Off-roading is a uniquely fun but potentially dangerous pastime. Here are some safety tips for experienced drivers who want to off-road alone.
When discussing what to do when off-roading alone, we need to start with some serious warnings. While there are vital things off-roading beginners must know, they should steer clear of going solo. Only the most experienced off-roaders should consider taking their vehicle out alone, and even then, it isn’t always a great idea. You risk getting stranded or sustaining an injury on your trip. That said, with current social distancing practices during the pandemic, you may not have anyone to off-road with. Also, some people simply crave some alone time on the trail. If you have the proper know-how, be sure to follow these safety measures when going it alone.
Your Tool Kit: Bring a Spare, Winch, and Shovel
First, bring along the tools you’ll need for a solo trip. Pack a full-size spare tire in the event one of your wheels needs replacing. A quality spare gives you a backup and keeps you from getting stranded on the trail. Also, it’s not uncommon for off-roaders to get into a jam that requires some rescuing. Rescue yourself by packing a winch. Be wary of what you secure it to and don’t get in its way and risk an injury. Finally, a shovel is your ultimate multi-use tool when off-roading alone. Quickly digging your way out of snow, sand, or dirt saves you from making a distress call to someone.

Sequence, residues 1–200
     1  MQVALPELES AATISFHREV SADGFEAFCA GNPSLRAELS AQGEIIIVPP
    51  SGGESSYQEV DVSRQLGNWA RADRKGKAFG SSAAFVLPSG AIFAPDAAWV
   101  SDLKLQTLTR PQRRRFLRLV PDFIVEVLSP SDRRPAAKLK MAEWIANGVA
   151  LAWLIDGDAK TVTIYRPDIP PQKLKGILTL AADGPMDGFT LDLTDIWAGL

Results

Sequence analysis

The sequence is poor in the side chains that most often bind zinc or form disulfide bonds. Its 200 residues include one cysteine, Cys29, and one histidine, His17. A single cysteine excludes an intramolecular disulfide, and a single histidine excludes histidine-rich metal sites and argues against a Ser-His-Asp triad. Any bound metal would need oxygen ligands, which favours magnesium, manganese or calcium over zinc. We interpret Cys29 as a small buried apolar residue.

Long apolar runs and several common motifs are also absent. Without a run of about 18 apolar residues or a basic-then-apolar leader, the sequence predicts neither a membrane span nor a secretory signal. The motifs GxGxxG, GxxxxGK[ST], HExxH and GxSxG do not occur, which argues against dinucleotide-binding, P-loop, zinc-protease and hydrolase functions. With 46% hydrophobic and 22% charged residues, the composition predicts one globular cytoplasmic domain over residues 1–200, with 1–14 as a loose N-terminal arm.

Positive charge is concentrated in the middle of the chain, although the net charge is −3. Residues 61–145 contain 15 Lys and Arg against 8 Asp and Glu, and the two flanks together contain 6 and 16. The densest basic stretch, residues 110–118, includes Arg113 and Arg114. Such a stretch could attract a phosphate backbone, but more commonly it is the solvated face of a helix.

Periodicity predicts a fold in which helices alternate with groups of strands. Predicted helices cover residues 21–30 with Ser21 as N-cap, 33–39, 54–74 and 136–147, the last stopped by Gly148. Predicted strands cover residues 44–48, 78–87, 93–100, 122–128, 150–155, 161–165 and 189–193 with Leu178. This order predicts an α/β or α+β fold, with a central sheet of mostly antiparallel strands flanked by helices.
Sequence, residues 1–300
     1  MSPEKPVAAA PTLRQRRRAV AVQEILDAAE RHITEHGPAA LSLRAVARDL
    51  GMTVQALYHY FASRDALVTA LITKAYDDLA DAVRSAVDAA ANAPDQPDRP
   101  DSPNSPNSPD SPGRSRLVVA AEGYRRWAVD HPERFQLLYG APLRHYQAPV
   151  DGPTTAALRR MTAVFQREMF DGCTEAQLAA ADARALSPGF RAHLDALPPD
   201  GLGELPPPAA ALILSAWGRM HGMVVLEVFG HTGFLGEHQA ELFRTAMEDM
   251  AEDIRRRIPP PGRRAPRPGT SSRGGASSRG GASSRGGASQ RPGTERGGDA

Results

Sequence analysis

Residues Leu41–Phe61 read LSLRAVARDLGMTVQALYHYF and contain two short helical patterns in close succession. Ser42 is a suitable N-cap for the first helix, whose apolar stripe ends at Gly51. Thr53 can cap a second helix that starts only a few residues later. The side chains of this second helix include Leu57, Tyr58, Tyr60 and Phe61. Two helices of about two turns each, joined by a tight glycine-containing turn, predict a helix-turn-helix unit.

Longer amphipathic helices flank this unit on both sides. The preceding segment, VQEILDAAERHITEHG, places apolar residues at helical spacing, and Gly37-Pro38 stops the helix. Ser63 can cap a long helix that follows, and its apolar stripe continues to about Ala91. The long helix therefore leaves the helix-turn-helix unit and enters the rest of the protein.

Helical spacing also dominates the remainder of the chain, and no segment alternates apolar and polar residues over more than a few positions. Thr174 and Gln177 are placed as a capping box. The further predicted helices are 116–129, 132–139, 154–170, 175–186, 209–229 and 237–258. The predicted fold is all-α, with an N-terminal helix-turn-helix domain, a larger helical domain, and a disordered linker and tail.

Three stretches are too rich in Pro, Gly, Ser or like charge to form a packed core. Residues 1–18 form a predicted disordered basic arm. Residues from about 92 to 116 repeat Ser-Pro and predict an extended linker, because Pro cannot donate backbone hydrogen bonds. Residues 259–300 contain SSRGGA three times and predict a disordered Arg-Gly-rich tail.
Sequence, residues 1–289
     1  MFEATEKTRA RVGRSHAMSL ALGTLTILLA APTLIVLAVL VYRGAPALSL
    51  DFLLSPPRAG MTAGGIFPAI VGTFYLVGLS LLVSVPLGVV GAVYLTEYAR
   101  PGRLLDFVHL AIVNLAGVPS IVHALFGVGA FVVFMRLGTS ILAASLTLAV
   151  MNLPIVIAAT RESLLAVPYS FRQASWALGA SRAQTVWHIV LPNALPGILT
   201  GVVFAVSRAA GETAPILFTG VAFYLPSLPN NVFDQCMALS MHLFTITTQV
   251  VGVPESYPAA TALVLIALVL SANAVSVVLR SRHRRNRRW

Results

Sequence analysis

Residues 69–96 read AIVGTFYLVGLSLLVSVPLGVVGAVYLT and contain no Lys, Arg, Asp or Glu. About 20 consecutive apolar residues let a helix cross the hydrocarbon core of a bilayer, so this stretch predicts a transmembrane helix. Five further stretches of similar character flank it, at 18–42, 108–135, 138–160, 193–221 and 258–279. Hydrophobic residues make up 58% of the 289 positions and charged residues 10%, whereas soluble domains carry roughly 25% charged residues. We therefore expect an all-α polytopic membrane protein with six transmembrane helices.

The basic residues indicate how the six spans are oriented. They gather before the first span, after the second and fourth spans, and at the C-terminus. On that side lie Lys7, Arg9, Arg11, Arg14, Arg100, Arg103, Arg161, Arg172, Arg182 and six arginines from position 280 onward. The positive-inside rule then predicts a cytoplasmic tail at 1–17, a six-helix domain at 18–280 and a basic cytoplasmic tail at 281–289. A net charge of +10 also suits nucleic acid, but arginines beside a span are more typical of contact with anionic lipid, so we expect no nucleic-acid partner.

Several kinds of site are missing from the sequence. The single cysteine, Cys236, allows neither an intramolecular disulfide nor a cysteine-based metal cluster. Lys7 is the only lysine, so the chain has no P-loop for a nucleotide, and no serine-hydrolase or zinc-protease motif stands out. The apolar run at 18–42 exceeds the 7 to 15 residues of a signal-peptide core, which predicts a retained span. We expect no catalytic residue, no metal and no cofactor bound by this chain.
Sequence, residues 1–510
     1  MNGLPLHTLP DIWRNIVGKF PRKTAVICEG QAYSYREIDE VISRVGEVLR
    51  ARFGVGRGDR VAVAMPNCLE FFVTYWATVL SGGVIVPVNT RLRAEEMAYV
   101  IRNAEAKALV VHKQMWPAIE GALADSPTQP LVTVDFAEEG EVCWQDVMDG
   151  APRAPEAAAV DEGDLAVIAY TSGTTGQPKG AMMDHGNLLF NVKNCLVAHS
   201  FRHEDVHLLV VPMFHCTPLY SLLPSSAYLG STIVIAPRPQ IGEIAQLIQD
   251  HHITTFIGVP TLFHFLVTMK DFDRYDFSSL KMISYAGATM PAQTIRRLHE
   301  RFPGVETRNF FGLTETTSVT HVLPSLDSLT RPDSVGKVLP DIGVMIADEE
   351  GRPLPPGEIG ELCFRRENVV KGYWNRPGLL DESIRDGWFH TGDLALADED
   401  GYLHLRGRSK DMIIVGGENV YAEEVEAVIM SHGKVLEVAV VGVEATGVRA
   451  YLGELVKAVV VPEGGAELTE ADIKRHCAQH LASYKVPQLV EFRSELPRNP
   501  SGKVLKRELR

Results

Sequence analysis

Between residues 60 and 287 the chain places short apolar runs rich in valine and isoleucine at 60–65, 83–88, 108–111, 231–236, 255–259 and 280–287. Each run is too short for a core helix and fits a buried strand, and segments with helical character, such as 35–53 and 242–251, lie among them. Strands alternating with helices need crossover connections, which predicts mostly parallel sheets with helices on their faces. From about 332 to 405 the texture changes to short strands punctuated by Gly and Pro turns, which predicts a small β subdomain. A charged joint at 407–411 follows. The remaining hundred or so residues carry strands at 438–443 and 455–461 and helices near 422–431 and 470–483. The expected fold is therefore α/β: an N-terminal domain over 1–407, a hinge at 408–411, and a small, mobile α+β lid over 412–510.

Your Personal Supplies: Pack Water and Communication/Navigation Aids
Meanwhile, include personal necessities in your vehicle. The importance of water is hard to overstate—in a pinch you want at least several gallons with you to keep you hydrated as you off-road, especially in hot conditions. To help you not get lost, pack several navigation tools—your phone, a GPS device, and a paper map. If you need to appeal for help, you’ll want a reliable communication device. Whereas your phone likely has a spotty signal in remote areas, satellite communication devices are entirely reliable.
Take No Risks
The final thing to do when off-roading alone is to simply avoid risk. Chancing a rollover on a steep slope isn’t wise, even if you ordinarily could clear it. Set boundaries for how you’ll operate your vehicle and focus on enjoying the landscape around you. Getting your adrenaline pumping is probably best left for when you have more backup.